misfit Monday post

“Don’t forget to add coffee,” S. said Saturday morning as I was making out the grocery list. “And cream,” he added, wiping  up the remnants of Evangeline’s breakfast from her high chair.

“Okay. And I think I am going to buy some black tea for the week,” I said.  “I want to try drinking tea in the mornings this week  instead of coffee.”

S. glanced at me – the kind of glance a man who has been down similar roads in the past gives a wife – barely perceptible, but heavy with the sarcasm, all the same.

“Why? Why would you do that to yourself?’ He asked. “You love coffee.  There hasn’t been a morning in all of our marriage that you haven’t woken up and demanded coffee.  You are not the kind of person who gets out of bed and wants a nice cup of  tea.”

“I was reading this blog and the author said every morning she likes two cups of black tea with fresh mint to start her day,” I explained. “I thought I would try it – it sounds so refreshing.” Even as I said this, though, I was doubting my reasoning.  When the following morning rolled around, would I really be able to turn down coffee in favor of tea, no matter how sophisticated and healthful the tea sounded?

“Tea is an afternoon drink,” S. declared. “Save tea for the afternoon, if at all.”

And then I said something I rarely, if ever, say to my husband.   “You’re absolutely right.” I scratched tea off the list.

                                                                              *

I’ve got to stop doing things I don’t enjoy simply because I feel I should, or because someone I admire does them.  It’s something I’ve been thinking about more and more, and, in fact, on Friday of last week began by making my first declaration, to whatever co-workers happened to be around me at the time.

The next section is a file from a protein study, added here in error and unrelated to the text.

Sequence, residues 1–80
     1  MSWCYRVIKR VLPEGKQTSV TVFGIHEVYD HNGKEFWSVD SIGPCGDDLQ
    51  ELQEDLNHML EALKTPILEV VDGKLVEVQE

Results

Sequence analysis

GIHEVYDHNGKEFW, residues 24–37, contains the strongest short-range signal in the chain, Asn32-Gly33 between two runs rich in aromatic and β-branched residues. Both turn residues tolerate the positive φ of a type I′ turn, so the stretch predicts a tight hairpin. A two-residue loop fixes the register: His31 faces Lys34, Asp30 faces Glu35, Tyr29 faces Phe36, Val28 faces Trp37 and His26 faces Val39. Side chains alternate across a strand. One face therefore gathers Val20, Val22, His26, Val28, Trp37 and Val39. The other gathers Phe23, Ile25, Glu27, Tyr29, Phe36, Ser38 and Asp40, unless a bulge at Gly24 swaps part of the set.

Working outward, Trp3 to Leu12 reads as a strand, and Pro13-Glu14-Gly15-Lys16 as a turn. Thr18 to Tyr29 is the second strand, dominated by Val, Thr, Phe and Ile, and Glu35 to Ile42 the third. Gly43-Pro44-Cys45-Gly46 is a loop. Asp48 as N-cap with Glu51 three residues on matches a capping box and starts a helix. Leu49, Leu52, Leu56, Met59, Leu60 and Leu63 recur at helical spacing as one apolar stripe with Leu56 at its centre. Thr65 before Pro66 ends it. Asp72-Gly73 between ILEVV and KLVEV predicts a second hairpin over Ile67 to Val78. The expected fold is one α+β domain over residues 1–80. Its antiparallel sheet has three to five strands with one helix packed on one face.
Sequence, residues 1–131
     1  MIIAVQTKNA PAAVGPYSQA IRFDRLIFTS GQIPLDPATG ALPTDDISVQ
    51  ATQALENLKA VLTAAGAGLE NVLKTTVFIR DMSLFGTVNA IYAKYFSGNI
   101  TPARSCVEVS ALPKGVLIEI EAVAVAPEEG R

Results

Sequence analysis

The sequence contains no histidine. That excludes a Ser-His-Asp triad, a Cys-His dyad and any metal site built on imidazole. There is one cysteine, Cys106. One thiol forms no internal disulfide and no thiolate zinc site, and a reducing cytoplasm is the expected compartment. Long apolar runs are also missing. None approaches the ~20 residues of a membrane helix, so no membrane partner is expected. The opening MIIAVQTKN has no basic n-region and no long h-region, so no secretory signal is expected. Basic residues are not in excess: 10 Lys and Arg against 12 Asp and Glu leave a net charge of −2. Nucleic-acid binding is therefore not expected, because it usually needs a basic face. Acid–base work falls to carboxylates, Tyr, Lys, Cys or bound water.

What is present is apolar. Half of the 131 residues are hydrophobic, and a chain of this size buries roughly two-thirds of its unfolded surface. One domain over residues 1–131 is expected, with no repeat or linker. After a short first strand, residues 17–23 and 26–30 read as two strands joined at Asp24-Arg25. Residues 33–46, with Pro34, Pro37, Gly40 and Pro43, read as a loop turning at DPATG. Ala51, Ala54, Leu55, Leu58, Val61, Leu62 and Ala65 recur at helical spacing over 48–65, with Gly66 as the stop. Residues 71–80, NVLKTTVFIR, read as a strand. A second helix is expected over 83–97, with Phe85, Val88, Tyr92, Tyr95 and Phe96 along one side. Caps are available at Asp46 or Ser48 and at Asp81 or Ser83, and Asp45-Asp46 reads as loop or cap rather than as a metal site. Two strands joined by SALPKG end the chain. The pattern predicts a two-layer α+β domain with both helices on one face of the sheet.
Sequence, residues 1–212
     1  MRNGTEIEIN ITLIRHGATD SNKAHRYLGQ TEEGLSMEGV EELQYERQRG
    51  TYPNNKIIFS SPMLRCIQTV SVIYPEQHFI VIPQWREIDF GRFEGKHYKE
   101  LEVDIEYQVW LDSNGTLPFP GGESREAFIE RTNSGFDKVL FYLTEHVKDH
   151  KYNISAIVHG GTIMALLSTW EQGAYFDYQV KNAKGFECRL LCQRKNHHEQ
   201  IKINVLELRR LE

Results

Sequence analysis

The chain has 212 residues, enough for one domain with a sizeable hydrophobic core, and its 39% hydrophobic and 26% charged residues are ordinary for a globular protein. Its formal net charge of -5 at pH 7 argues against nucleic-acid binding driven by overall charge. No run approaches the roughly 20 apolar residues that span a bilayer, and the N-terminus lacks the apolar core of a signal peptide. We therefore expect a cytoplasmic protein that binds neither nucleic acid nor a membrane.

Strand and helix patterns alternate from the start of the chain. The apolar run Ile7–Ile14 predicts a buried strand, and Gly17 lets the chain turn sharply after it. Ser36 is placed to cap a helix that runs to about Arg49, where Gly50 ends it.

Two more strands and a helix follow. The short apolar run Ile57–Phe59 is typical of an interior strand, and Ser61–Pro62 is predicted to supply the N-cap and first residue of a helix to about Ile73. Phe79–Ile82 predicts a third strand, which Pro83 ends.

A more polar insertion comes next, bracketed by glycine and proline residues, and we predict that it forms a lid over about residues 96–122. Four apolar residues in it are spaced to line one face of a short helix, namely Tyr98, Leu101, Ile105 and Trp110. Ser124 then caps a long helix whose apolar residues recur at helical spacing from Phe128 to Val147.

“I am no longer eating almonds as a snack,” I said.  “I am so sick and tired of eating a ‘sensible’ portion of almonds because they are low-carb and heart healthy.  They have got to be the worst, most anemic snack in the world and I am done with them.”

I often find myself doing/eating/drinking things I don’t really enjoy because I listen to too many talking heads on the news blather on about heart health and lowering cholesterol and fighting obesity and the Mediterranean Diet and how our kids are  going to die at younger ages than we will and, well, I can simply exhaust myself and those around me from all the things I think we should be doing, on any given day.

Here, for what it’s worth, are some things I’ve decided I’m never going to do again:

1. Eat almonds

2.  Think about drinking tea instead of coffee

3. Jog

4. Pretend to enjoy shopping at Babies R Us

5. Sign up for discount cards at stores I don’t frequent no matter how good a deal the cashier insists I could get (and yeah, babies r us, I’m talking to you)

6. Go to a professional football game

7. pretend I’m a foodie

To balance out the negative, though, here are seven things I hope to do …

1. vacation in Costa Rica

2. Learn to surf

3. Learn to dance  – like,  REALLY dance, like they did in the fifties and sixties

4. own a convertible car

5. See the Great Barrier Reef

6. own a real Chanel something or other

7. throw a really really really big but also grown up party (ie – an open bar, waiters circulating with food, a band…)

Just some misfit thoughts for this Monday afternoon…

 

 

 

 

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13 Responses to misfit Monday post

  1. litlove says:

    Yay! Striking a blow against conformity here, Courtney, which is always so great to see. Hey, I feel more liberated just from reading your post. I am gradually making more and more decisions like this. I will not pretend to like parties. I will not pretend I am a normal person. I will not stay silent and eat whatever my mother-in-law gives me when she has forgotten my food intolerances. These are good strong decisions to make.

  2. smithereens says:

    Rejecting those allegedly “sensible” things (“best for you”, blah blah blah) seems quite sensible and mature to me. Yay to choosing your own path! Don’t feel guilty and try to justify yourself. You prefer coffee over tea and that’s it. Well done! And btw, let us know about your positive decisions turn out (esp. the dancing and the party thing!)

  3. Pete says: